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Current scenario: We have database table to log the auditing data and the query gets fired on the table based on object_id most of time and seldom on created_date range. audit_log table stores last one month data and after a month data gets moved to archive_audit_log table. These tables sits in Amazon RDS.

CREATE TABLE IF NOT EXISTS audit_log (
id INT AUTO_INCREMENT,
object_id INT NOT NULL,
created_date DATE,
old_value TEXT,
new_value TEXT,
PRIMARY KEY (id)
)  ENGINE=INNODB;

Approx ~1M+ records in the table.

And corresponding archiving table with exact same structure.

CREATE TABLE IF NOT EXISTS archive_audit_log (
id INT AUTO_INCREMENT,
object_id INT NOT NULL,
created_date DATE,
old_value TEXT,
new_value TEXT,
PRIMARY KEY (id)
)ENGINE=ARCHIVE;

Approx ~40M+ records in the table and keeps growing and current size in one of database is (90 GB). This data can't be deleted because of our contractual obligations with customers.

Problems I'm facing: UI usually time out as and when we query on the archive_audit_log. Its takes longer to do any import/export and daily backups and many others.

Solution I'm thinking: I'm thinking to move archive_audit_log data to S3 into multiple files and then query using 'Amazon Athena` service to get the result.

I want to know if someone is using AWS Athena for such use case before burning my hand? Also, are there any limitation or restriction that gets applied on number of queries vs number of records in results? Thank you for reading the question, any pointers would be appreciated.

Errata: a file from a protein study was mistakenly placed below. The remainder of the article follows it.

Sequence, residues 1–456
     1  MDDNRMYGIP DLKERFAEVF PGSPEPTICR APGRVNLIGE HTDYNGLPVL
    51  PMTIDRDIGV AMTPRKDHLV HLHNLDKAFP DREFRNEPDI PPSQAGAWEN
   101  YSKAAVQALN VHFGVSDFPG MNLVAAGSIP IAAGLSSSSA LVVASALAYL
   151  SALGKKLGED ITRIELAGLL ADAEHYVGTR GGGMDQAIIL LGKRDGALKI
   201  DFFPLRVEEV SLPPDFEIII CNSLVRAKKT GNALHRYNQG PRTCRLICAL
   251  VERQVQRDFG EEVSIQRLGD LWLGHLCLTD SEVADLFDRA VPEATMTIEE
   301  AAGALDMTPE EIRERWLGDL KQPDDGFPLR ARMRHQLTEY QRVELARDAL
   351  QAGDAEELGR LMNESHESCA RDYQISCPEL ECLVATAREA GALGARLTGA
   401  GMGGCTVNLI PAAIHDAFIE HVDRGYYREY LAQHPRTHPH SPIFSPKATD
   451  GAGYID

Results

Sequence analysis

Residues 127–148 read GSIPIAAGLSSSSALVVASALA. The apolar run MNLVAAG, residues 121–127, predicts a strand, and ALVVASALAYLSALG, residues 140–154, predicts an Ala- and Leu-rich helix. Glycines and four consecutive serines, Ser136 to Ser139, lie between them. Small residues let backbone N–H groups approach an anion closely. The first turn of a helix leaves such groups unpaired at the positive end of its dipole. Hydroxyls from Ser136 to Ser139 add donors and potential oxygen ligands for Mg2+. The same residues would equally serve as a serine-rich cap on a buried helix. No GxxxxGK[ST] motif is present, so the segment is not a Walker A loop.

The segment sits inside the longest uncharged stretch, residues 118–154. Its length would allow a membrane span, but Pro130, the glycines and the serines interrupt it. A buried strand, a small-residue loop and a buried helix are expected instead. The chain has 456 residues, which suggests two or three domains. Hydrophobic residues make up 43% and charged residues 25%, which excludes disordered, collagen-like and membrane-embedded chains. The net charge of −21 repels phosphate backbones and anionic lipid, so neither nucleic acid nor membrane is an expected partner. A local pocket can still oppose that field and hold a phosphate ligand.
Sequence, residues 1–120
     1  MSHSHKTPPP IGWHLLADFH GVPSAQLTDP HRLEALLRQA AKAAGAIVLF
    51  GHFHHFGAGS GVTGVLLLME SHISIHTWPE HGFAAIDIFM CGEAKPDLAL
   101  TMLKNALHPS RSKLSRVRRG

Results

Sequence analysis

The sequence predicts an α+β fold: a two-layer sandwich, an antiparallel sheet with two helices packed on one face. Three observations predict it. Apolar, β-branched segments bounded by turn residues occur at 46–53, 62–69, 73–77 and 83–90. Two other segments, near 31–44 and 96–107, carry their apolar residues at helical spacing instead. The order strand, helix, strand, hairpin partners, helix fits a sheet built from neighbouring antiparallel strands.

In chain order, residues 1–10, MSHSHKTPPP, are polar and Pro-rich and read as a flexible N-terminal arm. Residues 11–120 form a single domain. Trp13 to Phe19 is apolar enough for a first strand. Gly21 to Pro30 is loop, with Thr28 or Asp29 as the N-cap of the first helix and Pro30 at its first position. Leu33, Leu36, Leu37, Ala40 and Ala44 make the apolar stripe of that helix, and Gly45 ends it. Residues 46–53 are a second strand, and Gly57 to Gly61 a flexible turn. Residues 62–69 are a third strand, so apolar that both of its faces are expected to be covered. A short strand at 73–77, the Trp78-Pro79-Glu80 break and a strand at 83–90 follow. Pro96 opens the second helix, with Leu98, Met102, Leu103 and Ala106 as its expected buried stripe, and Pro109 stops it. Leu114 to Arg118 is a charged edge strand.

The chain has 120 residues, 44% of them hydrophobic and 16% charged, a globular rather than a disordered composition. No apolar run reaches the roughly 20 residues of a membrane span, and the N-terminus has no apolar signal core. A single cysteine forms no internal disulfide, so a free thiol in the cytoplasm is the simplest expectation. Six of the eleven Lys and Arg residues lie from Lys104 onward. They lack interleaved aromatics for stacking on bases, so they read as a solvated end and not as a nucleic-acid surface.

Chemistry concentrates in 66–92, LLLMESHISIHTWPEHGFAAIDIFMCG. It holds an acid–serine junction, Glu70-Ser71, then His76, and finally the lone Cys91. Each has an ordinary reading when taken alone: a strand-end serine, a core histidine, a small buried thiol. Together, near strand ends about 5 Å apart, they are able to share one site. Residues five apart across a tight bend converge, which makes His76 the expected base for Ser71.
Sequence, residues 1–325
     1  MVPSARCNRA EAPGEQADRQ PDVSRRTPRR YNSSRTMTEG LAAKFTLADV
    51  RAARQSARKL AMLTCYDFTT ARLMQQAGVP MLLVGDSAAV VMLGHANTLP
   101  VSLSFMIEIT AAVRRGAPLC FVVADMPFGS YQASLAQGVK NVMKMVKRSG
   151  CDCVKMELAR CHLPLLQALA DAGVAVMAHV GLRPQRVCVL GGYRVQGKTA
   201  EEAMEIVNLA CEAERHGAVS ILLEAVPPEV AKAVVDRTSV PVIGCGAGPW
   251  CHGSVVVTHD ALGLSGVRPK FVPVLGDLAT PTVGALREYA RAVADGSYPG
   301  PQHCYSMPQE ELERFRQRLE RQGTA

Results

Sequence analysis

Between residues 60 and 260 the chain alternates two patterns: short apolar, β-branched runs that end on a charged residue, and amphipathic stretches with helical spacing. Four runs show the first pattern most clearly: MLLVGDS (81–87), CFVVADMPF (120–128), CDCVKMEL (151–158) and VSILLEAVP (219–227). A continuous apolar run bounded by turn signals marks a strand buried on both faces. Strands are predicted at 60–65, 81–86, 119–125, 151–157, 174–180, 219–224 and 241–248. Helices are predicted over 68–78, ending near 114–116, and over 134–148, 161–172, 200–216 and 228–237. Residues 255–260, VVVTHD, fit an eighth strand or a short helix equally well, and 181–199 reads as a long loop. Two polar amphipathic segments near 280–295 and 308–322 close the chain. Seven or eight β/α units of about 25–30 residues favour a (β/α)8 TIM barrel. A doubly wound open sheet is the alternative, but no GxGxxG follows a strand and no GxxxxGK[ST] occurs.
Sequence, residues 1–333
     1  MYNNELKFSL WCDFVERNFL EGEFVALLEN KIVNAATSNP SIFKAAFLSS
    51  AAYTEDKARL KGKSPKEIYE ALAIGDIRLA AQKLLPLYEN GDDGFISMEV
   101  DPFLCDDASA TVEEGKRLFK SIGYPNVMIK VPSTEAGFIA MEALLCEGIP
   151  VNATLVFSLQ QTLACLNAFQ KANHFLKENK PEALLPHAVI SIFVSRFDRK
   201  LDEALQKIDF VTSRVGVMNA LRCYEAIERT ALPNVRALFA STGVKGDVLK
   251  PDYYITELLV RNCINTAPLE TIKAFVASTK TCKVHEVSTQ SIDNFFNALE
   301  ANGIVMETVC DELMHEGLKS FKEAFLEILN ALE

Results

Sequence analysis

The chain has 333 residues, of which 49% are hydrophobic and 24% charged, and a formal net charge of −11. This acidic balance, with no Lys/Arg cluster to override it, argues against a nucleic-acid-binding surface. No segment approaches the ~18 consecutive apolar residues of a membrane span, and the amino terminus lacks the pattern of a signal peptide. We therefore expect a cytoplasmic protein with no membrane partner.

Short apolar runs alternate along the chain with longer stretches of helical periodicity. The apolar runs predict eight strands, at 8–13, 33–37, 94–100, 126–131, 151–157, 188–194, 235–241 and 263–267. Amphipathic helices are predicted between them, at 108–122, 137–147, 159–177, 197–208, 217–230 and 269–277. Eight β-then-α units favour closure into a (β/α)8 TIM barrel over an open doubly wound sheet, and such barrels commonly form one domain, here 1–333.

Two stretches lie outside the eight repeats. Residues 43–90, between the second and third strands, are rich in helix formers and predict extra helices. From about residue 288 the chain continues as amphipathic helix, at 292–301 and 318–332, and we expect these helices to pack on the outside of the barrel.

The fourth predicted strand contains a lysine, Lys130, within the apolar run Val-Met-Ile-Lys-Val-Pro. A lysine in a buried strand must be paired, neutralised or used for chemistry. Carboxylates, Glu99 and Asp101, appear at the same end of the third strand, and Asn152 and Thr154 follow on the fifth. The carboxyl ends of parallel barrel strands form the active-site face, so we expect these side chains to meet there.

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This sounds like a good use case for Athena. Instead of moving rows to the archive_audit_log, move them to CSVs on S3 and use Athena to query them. Depending on what platform your application uses you will have to rewrite it to be able to run the queries against Athena (the SQL dialect is slightly different than MySQL, and the driver will be different, for example).

There are limits in Athena, like how many concurrent queries you can run, but no limits on records in the result. If you hit the limit of concurrent queries you can ask AWS support to increase your limit, and I'm fairly confident that you will not have any problems with the limits. There is a hard limit of 30 minute runtime per query, but that is also very unlikely that you would hit. 40M rows is nothing to Athena.

  • OK, Thank you for the response, let me try. – Red Boy Apr 16 at 12:22
  • If possible I'd highly recommend storing the data in S3 in parquet format instead of CSV, this will give you vastly better performance on large data sets. – Nathan Griffiths 17 hours ago

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